ESRL : PSD : SST Animation Page

SST Animation


On top of this, the volcano, the sun, we are just beginning to exit a major NAO cold cycle:


Climate Prediction Center – NAO: Plotted Historical Time Series

NAO Historical Time Series

The standardized 3-month running mean value of the NAO index. The departures are standardized using the 1950-2000 base period statistics.



One of the most prominent teleconnection patterns in all seasons is the North Atlantic Oscillation (NAO) (Barnston and Livezey 1987). The NOA combines parts of the East-Atlantic and West Atlantic patterns originally identified byWallace and Gutzler (1981) for the winter season. The NAO consists of a north-south dipole of anomalies, with one center located over Greenland and the other center of opposite sign spanning the central latitudes of the North Atlantic between 35°N and 40°N. The positive phase of the NAO reflects below-normal heights and pressure across the high latitudes of the North Atlantic and above-normal heights and pressure over the central North Atlantic, the eastern United States and western Europe. The negative phase reflects an opposite pattern of height and pressure anomalies over these regions. Both phases of the NAO are associated with basin-wide changes in the intensity and location of the North Atlantic jet stream and storm track, and in large-scale modulations of the normal patterns of zonal and meridional heat and moisture transport (Hurrell 1995), which in turn results in changes in temperature and precipitation patterns often extending from eastern North America to western and central Europe (Walker and Bliss 1932, van Loon and Rogers 1978, Rogers and van Loon 1979).

Strong positive phases of the NAO tend to be associated with above-averagel temperatures in the eastern United States and across northern Europe and below-average temperatures in Greenland and oftentimes across southern Europe and the Middle East. They are also associated with above-average precipitation over northern Europe and Scandinavia in winter, and below-average precipitation over southern and central Europe. Opposite patterns of temperature and precipitation anomalies are typically observed during strong negative phases of the NAO. During particularly prolonged periods dominated by one particular phase of the NAO, anomalous height and temperature patterns are also often seen extending well into central Russia and north-central Siberia.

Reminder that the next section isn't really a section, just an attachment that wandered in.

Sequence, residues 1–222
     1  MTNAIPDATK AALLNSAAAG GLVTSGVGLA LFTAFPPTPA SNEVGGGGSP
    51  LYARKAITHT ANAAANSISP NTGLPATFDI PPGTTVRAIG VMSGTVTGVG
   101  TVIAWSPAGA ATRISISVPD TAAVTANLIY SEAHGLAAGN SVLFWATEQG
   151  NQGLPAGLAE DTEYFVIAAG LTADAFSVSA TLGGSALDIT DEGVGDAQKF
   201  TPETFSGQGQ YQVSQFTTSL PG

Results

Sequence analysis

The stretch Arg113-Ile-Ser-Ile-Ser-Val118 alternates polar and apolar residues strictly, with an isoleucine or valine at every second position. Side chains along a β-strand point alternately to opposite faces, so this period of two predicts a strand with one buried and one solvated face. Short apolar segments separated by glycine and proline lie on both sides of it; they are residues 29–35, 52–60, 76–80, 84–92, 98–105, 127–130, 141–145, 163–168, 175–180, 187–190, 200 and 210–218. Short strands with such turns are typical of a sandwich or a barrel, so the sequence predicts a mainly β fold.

I remember the 1969 cycle: it was very cold.  It snowed in Tucson!  I was living in a very poorly insulated house [zero insulation] and I bought several old mink fur coats and cut them up and sewed them into a huge blanket and slept under that.  And I took another one and sewed it into the lining of a leather jacket.  Boy, was it cold!  In 1998, I remember that one well: we were still living in a tent on a mountain and all the firewood I gathered froze together and we couldn’t hammer it apart.  So I had to take the dogsled, Duke and the chainsaws up into the woods and then sled the wood down, my son riding the sled loads for me.  He went flying down the mountain!


This time around, our mountain is again, covered in ice.  Today, it finally went above freezing and some of the snow melted!  And it will melt tomorrow, too!  About time, I say.


The Associated Press: Thaw comes slowly to storm-ravaged Kentucky